Although no one in the band has lived twenty years, the history of the band stretches back for a decade. “I was eight years old and really into that song ‘My Own Worst Enemy’ by Lit,” says Cas Kaplan, lead singer, songwriter and guitarist, “and so my dad taught it to his band and I sang it with them on stage a few times. That’s basically where it all started.” Cas’s dad, by the way, is Phil Kaplan, leader of seminal 80’s Boston indie band Men & Volts, of which his mother was also a member and several of whose gigs he attended while still in the womb. Refreshingly weird and quirky music is in his blood, and his dad’s music connections allowed him to have an early start in rock and roll: “Especially in the beginning, everything I had came from or through my dad. My guitar, my amp, and many of my effects pedals used to belong to him. They’re heirlooms.” Even Cas’s first gig at age eleven came about through his father – at one of his dad’s gigs, Cas and his older brother Wes (now of the Craters) hopped on stage in between sets as a bass and drums duo; as a result, an impressed Rick Berlin (of Orchestra Luna and the Shelley Winters Project) offered them a paying slot at the Lizard Lounge two months later.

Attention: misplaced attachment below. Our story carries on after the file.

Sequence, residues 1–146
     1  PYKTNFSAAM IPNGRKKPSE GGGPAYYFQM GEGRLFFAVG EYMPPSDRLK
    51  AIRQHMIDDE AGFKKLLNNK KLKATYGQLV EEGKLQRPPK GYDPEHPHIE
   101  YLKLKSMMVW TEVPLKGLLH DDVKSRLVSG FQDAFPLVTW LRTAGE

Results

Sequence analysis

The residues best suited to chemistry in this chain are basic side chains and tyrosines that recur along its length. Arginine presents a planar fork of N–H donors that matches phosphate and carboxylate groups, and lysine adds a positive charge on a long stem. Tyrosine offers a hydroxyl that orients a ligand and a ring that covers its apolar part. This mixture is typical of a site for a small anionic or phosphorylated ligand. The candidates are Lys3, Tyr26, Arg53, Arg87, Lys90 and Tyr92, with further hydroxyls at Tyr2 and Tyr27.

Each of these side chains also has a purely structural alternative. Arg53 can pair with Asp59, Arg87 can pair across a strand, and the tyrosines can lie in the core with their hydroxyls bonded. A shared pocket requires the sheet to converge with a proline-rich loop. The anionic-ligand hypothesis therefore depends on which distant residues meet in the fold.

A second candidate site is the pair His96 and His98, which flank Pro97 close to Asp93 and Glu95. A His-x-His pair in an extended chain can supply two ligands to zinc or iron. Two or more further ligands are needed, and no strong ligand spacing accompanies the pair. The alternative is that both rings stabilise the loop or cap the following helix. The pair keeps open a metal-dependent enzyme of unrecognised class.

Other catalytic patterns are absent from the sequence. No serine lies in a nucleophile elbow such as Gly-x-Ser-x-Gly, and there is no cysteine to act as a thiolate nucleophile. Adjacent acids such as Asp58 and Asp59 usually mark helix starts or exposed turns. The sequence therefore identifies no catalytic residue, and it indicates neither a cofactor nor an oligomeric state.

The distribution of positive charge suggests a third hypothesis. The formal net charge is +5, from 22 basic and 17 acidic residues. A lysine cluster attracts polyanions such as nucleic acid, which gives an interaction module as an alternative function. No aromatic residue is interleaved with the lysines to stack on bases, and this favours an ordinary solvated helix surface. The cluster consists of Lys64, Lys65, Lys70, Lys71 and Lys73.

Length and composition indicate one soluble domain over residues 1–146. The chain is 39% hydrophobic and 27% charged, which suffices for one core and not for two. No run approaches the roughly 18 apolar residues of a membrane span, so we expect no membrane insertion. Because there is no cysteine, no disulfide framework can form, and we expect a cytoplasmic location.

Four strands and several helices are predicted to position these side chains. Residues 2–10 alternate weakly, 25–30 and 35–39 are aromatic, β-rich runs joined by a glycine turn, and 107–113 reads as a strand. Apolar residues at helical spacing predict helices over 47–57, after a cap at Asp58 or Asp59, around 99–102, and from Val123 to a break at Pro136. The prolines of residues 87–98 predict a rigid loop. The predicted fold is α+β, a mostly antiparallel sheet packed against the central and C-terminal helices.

The rest, for a while, was history – Cas was playing bass and singing in Insomniac, a band primarily inspired by punk rock that played mostly covers and a few original tunes written by Wes that did manage to greatly impress Joe Coughlin of prominent Boston indie zine The Noise, who wrote, “Thoroughly splendid. You guys keep it up, or you're grounded.” After a few years, though, Wes began to lose interest as his energy became more focused on the Craters – after nearly splintering, the band reformed with Cas handling second guitar, writing the songs, and rechristening the band Day Sleeper. With the new name came a new direction: “I discovered Blur and Television and everything changed. It became all about the two guitars.” The name Day Sleeper, to be clear, comes not from the song by REM, but rather the instrumental by Longwave that first exposed Cas to the shoegazing sound that continues to inspire him. During this time bassist Dan Ferm joined the fold, providing the backbone when needed as well as the perfectly placed unexpected turn. The years went by and Wes and the original guitarist graduated high school and left, after which the band settled on its current lineup. Drummer Luke Pyenson brings a unique rhythmic sense to the music and an understanding of how complex and world-influenced drumming can add to the richness of harmony, and Justin Danforth’s guitar work adds an element of expressiveness and his songwriting contribution “La Taille” underscores his gift for climactic and orchestrated space rock.